Queer Latinx Filmmakers Breaking the Silence

Photo: Courtesy.
By: Zhang Qihang


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In a line-up of six Latinx filmmakers, Kase Pena begins her speech with a protest against implicit discrimination in Hollywood.

“There is still a long way for many and many young talented Latinx queer filmmakers to go,” Kase said.

The panel discussion, “We are Here: Queer Latinx Filmmakers,” took place at La Plaza de Cultura y Artes in Downtown Los Angeles on Aug. 9. The event intended to “embark on a lively discussion and behind-the-scenes look at contemporary methods used to capture and celebrate Latinx LGBT voices on film…” according to the event page.

Photo: Zhang Qihang.

Pena took the opportunity to discuss her own experiences as a transgender woman of color in the film industry. She said that she is the only know Latinx transgender woman to join the Writers Guild of America West. She said that she applied to the Latino Lens Directing Program four times and was rejected each time.

“Unfortunately, rejections like that often happened after my in-person meetings with those hiring recruiters,” Kase said. “Even though they previously liked my scripts and my short footages, they began to dislike me after they saw my skin color and learned about transgender history.”

With the evolution of technology, though, minority voices are more accessible. Kase emphasized the importance of technology in the evolution of her career.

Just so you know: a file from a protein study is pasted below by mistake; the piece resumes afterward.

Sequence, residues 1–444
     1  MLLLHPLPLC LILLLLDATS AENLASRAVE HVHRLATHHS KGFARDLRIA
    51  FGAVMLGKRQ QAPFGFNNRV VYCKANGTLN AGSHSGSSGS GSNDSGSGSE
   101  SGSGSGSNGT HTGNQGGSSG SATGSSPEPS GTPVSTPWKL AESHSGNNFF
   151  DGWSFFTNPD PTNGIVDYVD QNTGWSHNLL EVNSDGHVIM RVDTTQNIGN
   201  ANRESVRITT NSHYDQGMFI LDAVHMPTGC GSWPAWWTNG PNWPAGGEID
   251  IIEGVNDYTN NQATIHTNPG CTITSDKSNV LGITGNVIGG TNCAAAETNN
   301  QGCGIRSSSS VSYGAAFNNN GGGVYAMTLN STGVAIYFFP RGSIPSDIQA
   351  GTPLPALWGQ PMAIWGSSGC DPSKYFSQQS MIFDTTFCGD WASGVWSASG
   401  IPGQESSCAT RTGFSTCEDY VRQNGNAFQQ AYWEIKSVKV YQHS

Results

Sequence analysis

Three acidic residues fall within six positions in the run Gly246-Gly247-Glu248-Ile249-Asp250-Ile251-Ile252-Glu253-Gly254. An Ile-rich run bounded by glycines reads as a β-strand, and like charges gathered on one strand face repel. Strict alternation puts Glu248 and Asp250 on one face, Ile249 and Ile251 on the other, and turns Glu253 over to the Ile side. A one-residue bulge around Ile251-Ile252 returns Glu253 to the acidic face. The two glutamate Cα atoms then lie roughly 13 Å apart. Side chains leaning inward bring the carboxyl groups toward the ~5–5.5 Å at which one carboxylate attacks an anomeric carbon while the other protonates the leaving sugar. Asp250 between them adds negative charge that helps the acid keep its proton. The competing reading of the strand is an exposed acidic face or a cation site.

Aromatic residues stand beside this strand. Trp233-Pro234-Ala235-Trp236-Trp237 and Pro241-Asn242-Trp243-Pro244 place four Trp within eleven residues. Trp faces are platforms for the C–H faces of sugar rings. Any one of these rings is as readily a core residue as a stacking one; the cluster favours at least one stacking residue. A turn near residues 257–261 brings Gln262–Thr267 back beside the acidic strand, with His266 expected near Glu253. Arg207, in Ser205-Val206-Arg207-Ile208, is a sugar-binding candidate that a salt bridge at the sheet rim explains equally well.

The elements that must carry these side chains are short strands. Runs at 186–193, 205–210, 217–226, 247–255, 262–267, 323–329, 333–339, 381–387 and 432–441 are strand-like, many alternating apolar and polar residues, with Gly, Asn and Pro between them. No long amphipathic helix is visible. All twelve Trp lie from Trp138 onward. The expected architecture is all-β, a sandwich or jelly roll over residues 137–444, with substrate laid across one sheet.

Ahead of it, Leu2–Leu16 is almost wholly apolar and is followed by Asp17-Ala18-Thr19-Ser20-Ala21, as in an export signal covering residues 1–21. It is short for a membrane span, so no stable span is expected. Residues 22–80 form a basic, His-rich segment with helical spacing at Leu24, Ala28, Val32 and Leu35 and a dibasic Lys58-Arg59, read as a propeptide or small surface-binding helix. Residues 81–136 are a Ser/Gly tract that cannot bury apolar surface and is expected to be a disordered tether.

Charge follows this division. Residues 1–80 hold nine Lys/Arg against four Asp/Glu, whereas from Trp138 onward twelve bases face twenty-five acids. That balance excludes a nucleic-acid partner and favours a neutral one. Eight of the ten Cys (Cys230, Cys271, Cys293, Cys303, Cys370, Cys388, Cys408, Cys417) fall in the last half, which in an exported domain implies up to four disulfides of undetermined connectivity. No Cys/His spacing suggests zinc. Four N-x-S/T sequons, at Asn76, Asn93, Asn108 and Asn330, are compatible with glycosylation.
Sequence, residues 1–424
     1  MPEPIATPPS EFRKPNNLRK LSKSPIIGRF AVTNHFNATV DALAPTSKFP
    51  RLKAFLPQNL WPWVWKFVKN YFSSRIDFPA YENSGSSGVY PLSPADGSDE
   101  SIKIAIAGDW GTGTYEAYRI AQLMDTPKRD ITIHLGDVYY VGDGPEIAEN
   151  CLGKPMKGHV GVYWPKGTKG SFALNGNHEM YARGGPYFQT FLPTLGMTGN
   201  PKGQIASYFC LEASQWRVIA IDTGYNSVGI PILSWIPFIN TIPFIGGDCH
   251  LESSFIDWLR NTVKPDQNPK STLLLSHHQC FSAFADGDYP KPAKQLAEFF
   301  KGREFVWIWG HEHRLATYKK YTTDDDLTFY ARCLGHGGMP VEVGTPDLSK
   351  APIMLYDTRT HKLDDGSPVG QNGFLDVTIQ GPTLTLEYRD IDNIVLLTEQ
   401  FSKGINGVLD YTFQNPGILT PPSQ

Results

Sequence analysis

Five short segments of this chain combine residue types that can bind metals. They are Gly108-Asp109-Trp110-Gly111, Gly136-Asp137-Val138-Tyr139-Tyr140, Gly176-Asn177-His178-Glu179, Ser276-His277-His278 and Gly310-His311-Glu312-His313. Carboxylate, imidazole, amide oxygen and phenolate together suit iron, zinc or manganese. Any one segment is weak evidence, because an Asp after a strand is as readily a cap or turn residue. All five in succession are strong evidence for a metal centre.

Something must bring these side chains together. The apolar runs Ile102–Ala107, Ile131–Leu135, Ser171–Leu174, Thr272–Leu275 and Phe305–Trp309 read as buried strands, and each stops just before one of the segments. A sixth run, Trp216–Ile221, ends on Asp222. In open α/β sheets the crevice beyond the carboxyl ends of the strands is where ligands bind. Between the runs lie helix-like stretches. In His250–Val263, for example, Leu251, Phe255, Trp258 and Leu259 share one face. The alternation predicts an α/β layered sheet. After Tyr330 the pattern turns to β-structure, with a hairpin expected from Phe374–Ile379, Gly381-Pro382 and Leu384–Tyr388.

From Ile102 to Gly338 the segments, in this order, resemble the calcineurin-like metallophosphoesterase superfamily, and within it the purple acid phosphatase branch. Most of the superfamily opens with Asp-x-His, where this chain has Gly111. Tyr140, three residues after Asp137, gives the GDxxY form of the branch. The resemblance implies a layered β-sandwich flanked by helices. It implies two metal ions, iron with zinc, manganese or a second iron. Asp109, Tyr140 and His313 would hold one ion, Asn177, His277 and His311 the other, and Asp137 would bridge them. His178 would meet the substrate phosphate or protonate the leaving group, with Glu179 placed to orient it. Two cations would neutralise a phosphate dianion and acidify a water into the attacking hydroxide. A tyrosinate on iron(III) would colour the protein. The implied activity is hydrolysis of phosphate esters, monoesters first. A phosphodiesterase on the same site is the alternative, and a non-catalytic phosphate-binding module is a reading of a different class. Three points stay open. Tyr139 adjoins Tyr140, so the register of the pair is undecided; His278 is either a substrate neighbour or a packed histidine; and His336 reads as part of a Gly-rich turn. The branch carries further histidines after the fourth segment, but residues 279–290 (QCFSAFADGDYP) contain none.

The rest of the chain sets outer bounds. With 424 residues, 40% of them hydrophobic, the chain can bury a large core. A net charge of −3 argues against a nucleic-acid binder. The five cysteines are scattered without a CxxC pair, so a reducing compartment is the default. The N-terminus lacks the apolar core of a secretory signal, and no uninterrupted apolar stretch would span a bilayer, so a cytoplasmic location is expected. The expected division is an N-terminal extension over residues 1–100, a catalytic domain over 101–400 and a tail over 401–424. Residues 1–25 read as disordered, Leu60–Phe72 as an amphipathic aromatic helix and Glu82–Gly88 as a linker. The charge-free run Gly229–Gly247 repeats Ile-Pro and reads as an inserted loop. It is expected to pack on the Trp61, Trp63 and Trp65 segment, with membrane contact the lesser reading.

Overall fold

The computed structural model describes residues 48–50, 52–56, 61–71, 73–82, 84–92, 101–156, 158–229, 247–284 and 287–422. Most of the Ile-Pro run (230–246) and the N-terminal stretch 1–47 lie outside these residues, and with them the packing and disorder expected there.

“I never imagined there would be one day I only need to bring my iPhone 6Plus to shoot ‘The Bronx in Black and White,’” Kase said.

“The Bronx in Black and White” is independent short-film documenting black and white street signs, architectures, and small moving objects in the Bronx.

Kase and the other panelists echoed the idea that technologies let racial minorities easier to share their insights and talents on big screens, but the implicit discriminations never fade away with the updates of photographic equipment and digital platforms.

Photo: Zhang Qihang.

Kase is currently in post-production on “Full Beat,” a nine-minute short film that she directed as part of the Latino Lens Directing Program. Her short film, “Trabajo” was picked up by HBO distribution following its successful film festival run this year.